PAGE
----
Published by Elsevier Inc.
BACKGROUND - The B receptor antagonist icatibant is approved for treatment of attacks of hereditary angioedema. Icatibant has been reported to decrease time-to-resolution of angiotensin-converting enzyme (ACE) inhibitor-associated angioedema in 1 study of European patients.
OBJECTIVE - We sought to test the hypothesis that a bradykinin B receptor antagonist would shorten time-to-resolution from ACE inhibitor-associated angioedema.
METHODS - Patients with ACE inhibitor-associated angioedema (defined as swelling of lips, tongue, pharynx, or face during ACE inhibitor use and no swelling in the absence of ACE inhibitor use) were enrolled at Vanderbilt University Medical Center from October 2007 through September 2015 and at Massachusetts General Hospital in 2012. C1 inhibitor deficiency and patients with bowel edema only were excluded. Patients were randomized within 6 hours of presentation to subcutaneous icatibant 30 mg or placebo at 0 and 6 hours later. Patients assessed severity of swelling using a visual analog scale serially following study drug administration or until discharge.
RESULTS - Thirty-three patients were randomized and 31 received treatment, with 13 receiving icatibant and 18 receiving placebo. One patient randomized to icatibant did not complete the visual analog scale and was excluded from analyses. Two-thirds of patients were black and two-thirds were women. Time-to-resolution of symptoms was similar in placebo and icatibant treatment groups (P = .19 for the primary symptom and P > .16 for individual symptoms of face, lip, tongue, or eyelid swelling). Frequency of administration of H1 and H2 blockers, corticosteroids, and epinephrine was similar in the 2 treatment groups. Time-to-resolution of symptoms was similar in black and white patients.
CONCLUSIONS - This study does not support clinical efficacy of a bradykinin B receptor antagonist in ACE inhibitor-associated angioedema.
Copyright © 2016 American Academy of Allergy, Asthma & Immunology. Published by Elsevier Inc. All rights reserved.
BACKGROUND - Endothelial dysfunction occurs in patients with end-stage renal disease (ESRD) and is associated with increased cardiovascular morbidity and mortality. Asymmetric dimethylarginine (ADMA) contributes to endothelial dysfunction in ESRD. In the general population, angiotensin-converting enzyme (ACE) inhibitors and angiotensin receptor blockers (ARBs) decrease ADMA levels, but no study has compared the effect of these drugs in patients with ESRD on maintenance hemodialysis (MHD).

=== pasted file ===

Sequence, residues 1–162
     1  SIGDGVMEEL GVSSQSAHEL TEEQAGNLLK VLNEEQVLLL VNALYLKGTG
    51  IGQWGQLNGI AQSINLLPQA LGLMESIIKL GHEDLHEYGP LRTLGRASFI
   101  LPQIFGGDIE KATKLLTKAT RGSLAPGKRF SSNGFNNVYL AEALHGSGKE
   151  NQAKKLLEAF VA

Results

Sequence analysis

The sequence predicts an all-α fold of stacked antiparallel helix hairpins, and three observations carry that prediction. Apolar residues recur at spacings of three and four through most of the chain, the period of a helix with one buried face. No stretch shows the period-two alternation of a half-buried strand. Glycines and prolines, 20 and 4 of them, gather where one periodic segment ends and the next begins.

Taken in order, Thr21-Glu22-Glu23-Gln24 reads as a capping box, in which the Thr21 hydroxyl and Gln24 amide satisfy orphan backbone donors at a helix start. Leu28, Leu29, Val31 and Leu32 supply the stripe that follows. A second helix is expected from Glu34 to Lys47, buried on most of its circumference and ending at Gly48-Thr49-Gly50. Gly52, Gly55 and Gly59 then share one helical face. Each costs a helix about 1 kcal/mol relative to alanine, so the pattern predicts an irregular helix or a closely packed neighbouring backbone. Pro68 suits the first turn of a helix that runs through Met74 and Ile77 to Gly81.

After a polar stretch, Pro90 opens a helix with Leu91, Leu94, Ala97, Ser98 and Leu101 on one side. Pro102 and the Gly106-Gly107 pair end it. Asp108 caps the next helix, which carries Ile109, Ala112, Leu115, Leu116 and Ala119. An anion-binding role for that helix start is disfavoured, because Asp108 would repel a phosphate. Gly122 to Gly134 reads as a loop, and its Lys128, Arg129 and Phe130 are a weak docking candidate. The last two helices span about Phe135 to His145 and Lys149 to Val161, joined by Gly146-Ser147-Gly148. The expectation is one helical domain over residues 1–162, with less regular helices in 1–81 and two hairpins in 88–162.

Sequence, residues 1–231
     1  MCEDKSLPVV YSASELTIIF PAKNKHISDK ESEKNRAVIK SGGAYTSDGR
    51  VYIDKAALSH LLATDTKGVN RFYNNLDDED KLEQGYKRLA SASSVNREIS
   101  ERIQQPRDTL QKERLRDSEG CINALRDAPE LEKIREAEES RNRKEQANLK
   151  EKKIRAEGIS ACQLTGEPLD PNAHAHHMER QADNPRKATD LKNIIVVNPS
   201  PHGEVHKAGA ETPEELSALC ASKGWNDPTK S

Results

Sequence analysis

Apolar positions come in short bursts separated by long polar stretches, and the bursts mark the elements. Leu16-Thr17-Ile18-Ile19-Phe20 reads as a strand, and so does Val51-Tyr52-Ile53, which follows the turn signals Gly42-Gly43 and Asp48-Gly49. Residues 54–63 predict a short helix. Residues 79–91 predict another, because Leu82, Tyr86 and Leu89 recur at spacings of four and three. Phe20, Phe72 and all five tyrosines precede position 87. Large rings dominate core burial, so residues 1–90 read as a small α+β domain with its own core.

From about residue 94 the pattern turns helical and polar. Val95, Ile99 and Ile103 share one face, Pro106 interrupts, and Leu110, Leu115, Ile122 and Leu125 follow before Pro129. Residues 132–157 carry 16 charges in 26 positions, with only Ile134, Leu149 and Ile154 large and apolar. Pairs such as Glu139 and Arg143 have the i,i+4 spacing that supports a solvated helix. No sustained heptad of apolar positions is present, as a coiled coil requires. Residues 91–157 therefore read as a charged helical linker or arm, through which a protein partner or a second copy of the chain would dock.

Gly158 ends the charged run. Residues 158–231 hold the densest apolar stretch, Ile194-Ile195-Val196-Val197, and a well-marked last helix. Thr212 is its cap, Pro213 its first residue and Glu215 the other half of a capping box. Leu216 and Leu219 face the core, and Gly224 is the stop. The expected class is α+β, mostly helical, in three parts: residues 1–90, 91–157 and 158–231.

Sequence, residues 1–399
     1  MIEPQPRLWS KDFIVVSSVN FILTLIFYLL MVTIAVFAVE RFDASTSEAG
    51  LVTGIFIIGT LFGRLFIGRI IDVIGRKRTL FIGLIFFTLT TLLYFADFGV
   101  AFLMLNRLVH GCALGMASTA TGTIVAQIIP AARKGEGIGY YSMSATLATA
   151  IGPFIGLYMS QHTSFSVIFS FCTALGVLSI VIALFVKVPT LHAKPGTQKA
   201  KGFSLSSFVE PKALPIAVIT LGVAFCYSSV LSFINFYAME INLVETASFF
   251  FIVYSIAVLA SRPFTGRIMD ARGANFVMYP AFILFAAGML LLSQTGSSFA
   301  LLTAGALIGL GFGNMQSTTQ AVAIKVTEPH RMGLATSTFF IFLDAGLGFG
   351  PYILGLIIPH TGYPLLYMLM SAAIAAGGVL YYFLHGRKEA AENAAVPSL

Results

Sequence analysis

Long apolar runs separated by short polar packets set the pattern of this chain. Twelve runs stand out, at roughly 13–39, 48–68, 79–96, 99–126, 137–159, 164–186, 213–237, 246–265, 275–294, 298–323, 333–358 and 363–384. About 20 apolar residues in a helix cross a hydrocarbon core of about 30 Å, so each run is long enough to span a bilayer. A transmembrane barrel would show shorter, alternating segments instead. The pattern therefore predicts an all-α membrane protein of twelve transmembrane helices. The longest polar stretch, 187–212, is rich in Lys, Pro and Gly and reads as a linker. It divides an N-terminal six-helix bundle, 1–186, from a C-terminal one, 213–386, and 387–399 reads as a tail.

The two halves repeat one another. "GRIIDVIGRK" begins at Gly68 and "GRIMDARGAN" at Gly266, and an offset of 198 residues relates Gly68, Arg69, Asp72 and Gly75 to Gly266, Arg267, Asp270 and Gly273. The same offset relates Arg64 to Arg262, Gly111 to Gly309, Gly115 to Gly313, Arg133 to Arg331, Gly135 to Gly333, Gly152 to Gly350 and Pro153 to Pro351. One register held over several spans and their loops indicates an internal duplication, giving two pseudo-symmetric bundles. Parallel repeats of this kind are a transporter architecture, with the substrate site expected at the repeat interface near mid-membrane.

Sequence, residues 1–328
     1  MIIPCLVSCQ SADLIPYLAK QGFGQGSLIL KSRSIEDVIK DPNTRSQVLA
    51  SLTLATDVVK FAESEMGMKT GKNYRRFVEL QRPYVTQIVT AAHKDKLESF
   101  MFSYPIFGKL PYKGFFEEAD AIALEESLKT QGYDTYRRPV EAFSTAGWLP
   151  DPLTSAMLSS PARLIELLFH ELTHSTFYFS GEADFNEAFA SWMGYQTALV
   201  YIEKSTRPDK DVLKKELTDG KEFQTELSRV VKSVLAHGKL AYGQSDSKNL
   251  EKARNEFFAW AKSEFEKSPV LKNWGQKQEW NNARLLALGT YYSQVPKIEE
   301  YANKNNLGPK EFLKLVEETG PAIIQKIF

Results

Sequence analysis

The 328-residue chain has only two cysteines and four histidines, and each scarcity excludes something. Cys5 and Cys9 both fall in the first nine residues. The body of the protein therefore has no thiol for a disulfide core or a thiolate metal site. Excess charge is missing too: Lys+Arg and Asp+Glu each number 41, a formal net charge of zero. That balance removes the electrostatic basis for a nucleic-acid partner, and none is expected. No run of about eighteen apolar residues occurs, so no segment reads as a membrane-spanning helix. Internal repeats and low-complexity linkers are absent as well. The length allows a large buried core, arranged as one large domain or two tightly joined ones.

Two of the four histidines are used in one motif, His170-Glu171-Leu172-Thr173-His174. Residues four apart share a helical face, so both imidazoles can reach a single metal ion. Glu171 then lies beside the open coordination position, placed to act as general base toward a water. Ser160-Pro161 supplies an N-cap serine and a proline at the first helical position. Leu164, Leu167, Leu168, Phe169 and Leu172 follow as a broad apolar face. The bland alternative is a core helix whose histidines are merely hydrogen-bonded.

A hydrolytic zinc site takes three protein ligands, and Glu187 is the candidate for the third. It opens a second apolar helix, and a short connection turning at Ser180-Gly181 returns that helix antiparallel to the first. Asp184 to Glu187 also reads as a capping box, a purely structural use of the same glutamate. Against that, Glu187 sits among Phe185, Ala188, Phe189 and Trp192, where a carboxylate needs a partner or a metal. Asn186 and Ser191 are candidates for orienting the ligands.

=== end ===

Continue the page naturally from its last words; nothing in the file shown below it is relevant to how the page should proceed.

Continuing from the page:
METHODS - We evaluated the effect of 1-week treatment with ramipril (5 mg/d), valsartan (160 mg/d), and placebo on ADMA levels in 15 patients on MHD in a double-blind, placebo-controlled, three x three cross-over study.
RESULTS - We found that ADMA levels were increased at baseline and throughout the dialysis session during ramipril treatment (p < 0.001 compared to both, placebo and valsartan). Ramipril did not increase ADMA levels in a study of patients without ESRD, suggesting that factors related to ESRD or hemodialysis contribute to the ACE inhibitor-induced increase in ADMA. We have previously shown that ACE inhibition increases bradykinin (BK) levels during hemodialysis. We therefore evaluated the effect of bradykinin on ADMA production in A549 cells; a cell line that expresses BK receptors. Incubation with BK increased intracellular ADMA concentration through BK B2-receptor stimulation.
CONCLUSION - These data indicate that short-term ACE inhibition increases ADMA in patients on MHD whereas ARBs do not. In vitro studies further suggest that this may occur through BK-mediated increase in ADMA production during ACE inhibition.
TRIAL REGISTRATION - Clinicaltrials.gov NCT00732069 August 6 2008 and NCT00607672 February 4 2008.
The most common side effect of angiotensin-converting enzyme inhibitor (ACEi) drugs is cough. We conducted a genome-wide association study (GWAS) of ACEi-induced cough among 7080 subjects of diverse ancestries in the Electronic Medical Records and Genomics (eMERGE) network. Cases were subjects diagnosed with ACEi-induced cough. Controls were subjects with at least 6 months of ACEi use and no cough. A GWAS (1595 cases and 5485 controls) identified associations on chromosome 4 in an intron of KCNIP4. The strongest association was at rs145489027 (minor allele frequency=0.33, odds ratio (OR)=1.3 (95% confidence interval (CI): 1.2-1.4), P=1.0 × 10(-8)). Replication for six single-nucleotide polymorphisms (SNPs) in KCNIP4 was tested in a second eMERGE population (n=926) and in the Genetics of Diabetes Audit and Research in Tayside, Scotland (GoDARTS) cohort (n=4309). Replication was observed at rs7675300 (OR=1.32 (1.01-1.70), P=0.04) in eMERGE and at rs16870989 and rs1495509 (OR=1.15 (1.01-1.30), P=0.03 for both) in GoDARTS. The combined association at rs1495509 was significant (OR=1.23 (1.15-1.32), P=1.9 × 10(-9)). These results indicate that SNPs in KCNIP4 may modulate ACEi-induced cough risk.